LOS ANGELES - A surprise winner of this year's foreign-language Oscar, beating out front-runners "Waltz With Bashir" and "The Class," the Japanese dramedy "Departures" has its moments but is ultimately overlong and too melodramatic.
Director Yojiro Takita and writer Kundo Koyama begin with an intriguing premise, though: After the symphony orchestra he plays for disbands, cellist Daigo Kobayashi (Masahiro Motoki) leaves Tokyo and returns to his hometown with his sunny, supportive wife, Mika (Ryoko Hirosue). There, he answers a help-wanted ad he thinks is from a travel agency, but in this case, the word "departures" pertains to the dead. (The long, wooden boxes in the office should have given him a clue.)
But Daigo needs the money, and even though he has zero experience in this area, he trains with the company's crusty owner, Sasaki (Tsutomu Yamazaki), in the ritual of encoffination. This is the washing, clothing and placing of the deceased into a coffin while family members watch and grieve.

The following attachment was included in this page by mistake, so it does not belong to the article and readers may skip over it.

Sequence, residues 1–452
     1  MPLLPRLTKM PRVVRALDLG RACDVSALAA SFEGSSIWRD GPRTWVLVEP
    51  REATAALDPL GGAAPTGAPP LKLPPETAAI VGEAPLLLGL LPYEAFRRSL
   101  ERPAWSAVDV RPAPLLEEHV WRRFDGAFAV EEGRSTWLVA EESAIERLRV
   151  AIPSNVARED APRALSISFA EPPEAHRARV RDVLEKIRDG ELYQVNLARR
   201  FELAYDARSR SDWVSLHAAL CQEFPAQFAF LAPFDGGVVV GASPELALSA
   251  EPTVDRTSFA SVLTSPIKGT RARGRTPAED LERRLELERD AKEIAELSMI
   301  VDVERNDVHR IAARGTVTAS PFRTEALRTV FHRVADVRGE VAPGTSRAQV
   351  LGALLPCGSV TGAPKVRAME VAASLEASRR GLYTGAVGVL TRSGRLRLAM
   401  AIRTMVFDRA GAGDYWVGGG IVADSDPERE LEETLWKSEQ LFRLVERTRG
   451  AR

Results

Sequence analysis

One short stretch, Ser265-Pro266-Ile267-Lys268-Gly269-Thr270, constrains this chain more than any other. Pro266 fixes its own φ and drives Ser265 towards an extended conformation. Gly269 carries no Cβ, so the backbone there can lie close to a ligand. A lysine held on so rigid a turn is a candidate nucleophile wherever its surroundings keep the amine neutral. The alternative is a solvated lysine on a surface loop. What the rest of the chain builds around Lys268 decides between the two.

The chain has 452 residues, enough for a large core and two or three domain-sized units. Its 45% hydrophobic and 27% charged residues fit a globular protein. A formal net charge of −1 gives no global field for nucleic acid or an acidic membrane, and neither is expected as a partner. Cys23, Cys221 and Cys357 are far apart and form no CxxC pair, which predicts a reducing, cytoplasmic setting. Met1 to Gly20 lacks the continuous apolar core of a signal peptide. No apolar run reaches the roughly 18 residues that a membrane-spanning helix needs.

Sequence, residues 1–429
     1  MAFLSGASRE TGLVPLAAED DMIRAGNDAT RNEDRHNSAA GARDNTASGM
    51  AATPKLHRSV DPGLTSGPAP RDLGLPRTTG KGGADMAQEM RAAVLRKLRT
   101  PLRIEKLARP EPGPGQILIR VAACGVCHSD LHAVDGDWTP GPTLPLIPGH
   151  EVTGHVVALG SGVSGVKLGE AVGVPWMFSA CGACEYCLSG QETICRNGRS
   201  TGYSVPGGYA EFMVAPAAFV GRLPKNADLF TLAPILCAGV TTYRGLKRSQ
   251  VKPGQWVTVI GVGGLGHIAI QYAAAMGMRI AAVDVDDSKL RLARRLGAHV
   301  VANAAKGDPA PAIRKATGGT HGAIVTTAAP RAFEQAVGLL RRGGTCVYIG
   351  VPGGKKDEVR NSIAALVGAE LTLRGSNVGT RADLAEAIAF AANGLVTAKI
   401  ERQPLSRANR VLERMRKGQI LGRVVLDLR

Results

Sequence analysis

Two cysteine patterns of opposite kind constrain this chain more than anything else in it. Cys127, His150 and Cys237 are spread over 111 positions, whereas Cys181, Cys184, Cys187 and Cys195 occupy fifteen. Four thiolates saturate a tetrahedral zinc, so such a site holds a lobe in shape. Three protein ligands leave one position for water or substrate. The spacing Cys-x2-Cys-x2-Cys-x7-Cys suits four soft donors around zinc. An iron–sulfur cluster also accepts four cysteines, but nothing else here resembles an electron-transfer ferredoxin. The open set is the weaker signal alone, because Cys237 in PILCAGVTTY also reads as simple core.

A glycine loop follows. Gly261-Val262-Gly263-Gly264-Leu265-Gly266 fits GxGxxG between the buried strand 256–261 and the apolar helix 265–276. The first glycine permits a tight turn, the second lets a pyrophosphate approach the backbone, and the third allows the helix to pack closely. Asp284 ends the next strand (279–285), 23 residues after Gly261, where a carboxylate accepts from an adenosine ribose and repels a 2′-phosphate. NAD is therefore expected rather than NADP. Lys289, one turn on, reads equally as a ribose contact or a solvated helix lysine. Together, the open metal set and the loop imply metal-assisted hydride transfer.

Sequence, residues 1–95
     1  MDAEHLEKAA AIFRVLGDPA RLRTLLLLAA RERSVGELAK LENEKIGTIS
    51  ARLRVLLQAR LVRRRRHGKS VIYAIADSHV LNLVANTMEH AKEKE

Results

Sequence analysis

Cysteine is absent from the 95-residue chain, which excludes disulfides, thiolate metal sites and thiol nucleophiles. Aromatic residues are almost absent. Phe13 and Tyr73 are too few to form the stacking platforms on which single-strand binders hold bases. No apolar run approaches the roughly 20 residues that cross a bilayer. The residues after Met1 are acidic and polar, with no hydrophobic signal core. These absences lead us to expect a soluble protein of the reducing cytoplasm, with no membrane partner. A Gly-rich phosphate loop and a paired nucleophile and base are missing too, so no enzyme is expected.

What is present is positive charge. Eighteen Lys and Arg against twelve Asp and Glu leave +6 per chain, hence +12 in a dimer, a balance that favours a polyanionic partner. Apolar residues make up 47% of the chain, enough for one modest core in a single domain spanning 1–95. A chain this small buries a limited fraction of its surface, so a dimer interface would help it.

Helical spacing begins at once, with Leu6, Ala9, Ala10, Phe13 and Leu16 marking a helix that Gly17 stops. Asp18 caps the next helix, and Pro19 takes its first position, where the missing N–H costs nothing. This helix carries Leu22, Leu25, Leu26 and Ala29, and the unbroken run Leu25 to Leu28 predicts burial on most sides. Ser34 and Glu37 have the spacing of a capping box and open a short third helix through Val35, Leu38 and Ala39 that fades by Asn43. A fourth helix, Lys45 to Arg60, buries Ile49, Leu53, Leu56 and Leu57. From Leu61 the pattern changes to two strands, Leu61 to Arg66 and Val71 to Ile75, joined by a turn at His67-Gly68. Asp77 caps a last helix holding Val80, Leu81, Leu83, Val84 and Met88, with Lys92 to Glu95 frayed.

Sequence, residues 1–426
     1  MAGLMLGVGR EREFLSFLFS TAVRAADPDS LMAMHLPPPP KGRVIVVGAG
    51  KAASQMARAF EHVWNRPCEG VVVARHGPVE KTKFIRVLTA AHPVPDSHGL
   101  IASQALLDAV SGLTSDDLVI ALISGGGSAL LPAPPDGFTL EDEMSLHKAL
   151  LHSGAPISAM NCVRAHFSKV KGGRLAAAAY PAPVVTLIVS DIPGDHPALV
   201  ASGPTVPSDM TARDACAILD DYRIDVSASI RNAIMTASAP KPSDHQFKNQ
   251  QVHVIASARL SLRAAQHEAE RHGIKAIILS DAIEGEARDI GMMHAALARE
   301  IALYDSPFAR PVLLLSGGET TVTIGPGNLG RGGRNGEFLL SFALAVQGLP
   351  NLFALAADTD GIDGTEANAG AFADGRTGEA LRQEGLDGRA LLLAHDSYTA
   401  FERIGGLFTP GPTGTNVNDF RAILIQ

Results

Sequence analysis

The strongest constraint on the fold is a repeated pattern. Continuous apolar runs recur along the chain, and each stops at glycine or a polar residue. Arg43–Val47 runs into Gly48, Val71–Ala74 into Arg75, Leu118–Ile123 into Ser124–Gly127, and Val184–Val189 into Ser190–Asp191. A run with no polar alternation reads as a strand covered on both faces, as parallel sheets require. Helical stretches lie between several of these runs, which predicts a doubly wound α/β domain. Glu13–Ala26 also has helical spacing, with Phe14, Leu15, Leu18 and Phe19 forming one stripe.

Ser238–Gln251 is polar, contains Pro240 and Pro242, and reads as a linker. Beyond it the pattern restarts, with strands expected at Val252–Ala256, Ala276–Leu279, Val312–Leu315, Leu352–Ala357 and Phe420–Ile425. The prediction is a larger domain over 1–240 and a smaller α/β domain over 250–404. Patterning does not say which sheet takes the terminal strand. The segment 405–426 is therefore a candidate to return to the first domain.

Daigo is disgusted at first but he struggles to maintain his typical dignity, which provides the film's early comedy. You could very easily imagine an English-language remake of "Departures"; the awkward situations are built right in, and such a juxtaposition of death and dark humor already has been explored this spring in the charming "Sunshine Cleaning."
But in time, Daigo comes to appreciate the beauty of the act, the care that goes into it and the closure it provides for the loved ones left behind. It's a lovely and moving process, and Takita treats it with due delicacy and respect - but because it is a process, he shows it to us repeatedly in its entirety, which makes "Departures" way longer than it needs to be. And too often, Daigo's interaction with the families turns maudlin, which is unnecessary: The state in which we're seeing them is clearly emotional enough on its own.
As a subplot, Daigo has neglected to tell his wife the true nature of his work because there's a social stigma attached to it. She thinks he's some sort of tour guide, and in a way he is - leading people to their final destination. But the lie he tells her leads to a predictable rift and eventual reconciliation.
"Departures" ends up being most effective in the details: the inappropriate outbursts and confrontations among the bereaved, the manner in which Daigo carefully folds the richly detailed material around the bodies, even the bleak, snowy landscape as he drives to an assignment at a particularly low point in his own life. Although the film is about the huge and universal topic of death, these smaller moments provide it with some life. *